Deploy vSphere with Kubernetes (Project Pacific) – Part 7: Enable Workload Management

This Post is part of a series:

Deploy vSphere with Kubernetes (Project Pacific) – Part 1: Inventory and Design
Deploy vSphere with Kubernetes (Project Pacific) – Part 2: Prepare base networking

Deploy vSphere with Kubernetes (Project Pacific) – Part 3: Prepare base storage (FreeNAS)
Deploy vSphere with Kubernetes (Project Pacific) – Part 4: Install NSX-T
Deploy vSphere with Kubernetes (Project Pacific) – Part 5: Configure NSX-T
Deploy vSphere with Kubernetes (Project Pacific) – Part 6: Some basic testing
–> Deploy vSphere with Kubernetes (Project Pacific) – Part 7: Enable Workload Management
Deploy vSphere with Kubernetes (Project Pacific) – Part 8: Deploy first Workloads

Finally! We’ve come a long way, only to flip a few last switches, that will then do the actual magic!

Enable Workload Management

Go to your vCenter –> Menu –> Workload Management

You’ll see a rough listing of requirements.
1. HA & DRS enabled – I haven’t covered this in my series, its just enabled with default settings)
2. Networking configured – we’ve quite stressed this topic and kind of did it, not production-ready though)
3. Storage Policy – We configured a Storage Policy pretty much at the beginning

Let’s select our vCenter (in case it isn’t already) and hit ENABLE

On the next page, you should see the COMP Cluster listed under COMPATIBLE. If so, hit NEXT. If not, it’s time for troubleshooting 😉

Choose a Control Plane size of Tiny. You can go bigger if you want, but if you exceed 1000 Pods in your Lab, we probably have a different understanding of the word “Lab” 😉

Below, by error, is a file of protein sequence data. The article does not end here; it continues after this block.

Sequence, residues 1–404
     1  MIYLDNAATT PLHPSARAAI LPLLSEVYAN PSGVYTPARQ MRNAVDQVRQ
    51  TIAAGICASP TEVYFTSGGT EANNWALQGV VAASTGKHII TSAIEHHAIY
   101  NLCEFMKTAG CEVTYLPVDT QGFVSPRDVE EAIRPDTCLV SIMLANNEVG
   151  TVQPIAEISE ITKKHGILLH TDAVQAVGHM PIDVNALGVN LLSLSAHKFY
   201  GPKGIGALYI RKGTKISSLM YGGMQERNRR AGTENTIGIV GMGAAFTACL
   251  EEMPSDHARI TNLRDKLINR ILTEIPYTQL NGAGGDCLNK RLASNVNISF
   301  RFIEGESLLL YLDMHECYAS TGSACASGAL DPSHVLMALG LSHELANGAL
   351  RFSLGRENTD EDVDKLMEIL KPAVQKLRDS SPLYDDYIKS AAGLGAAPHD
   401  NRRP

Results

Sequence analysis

Next, we need to enter the network settings for our SupervisorControl Plane.

  • Management Network
    • Network: vDS-Collapsed-MGMT (vCenter & ESXi Hosts need to be reachable from here)
    • Starting IP Address: 172.31.1.201 (K8s will use 5 IPs, starting from the one specified, 3 for the SCP VMs, 1 for the floating IP and 1 as buffer, e.g. for rolling upgrades)
    • Subnet Mask: 255.255.255.0
    • Gateway: 172.31.1.1
    • DNS Server: 172.31.1.10
    • NTP Server: 116.203.209.35 (just the IP of a valid NTP server)
    • DNS Search Domains: cloudborn.lab
  • Workload Network
    • vSphere Distributed Switch: vDS-Collapsed (has to be the vDS, that also hosts the Overlay Networks –> the one, we’ve also chosen during NSX configuration)
    • Edge Cluster: edgecluster-1
    • API Server endpoint FQDN: < > (you can enter an FQDN that will be assigned to the Supervisor K8s endpoint. If you do so, remember to add a DNS entry too)
    • DNS Server: 172.31.1.10
    • POD CIDRs: 10.244.0.0/21 (default value, they must not overlap with any other network of the management components; if you plan to route the POD networks northbound, this network must not overlap with any other network in your datacenter)
    • Service CIDRs: 10.96.0.0/24 (similar to POD CIDR, but for K8s Cluster IP Services)
    • Ingress CIDRs: 172.31.60.192/27 (these IPs are used for ingress traffic and have to be part of the same network as the EDGE / T0 Uplinks – in our case, it is network 172.31.60.0/24 – we have to carve out a slice from it – /27 is the minimum)
    • Egress CIDRSs: 172.31.60.224/27 (similar to Ingress CIDRs)

Now, the Storage Policy comes into play. Click SELECT STORAGE and select k8s-storage-policy for all of them.

Review and Confirm
My favorite screen – maybe we should go back to part 1 of this series and review everything =D
Or we just hit FINISH.

This takes a bit, so I’d say it’s clearly time for a beer!

Next – Deploy our first Workload

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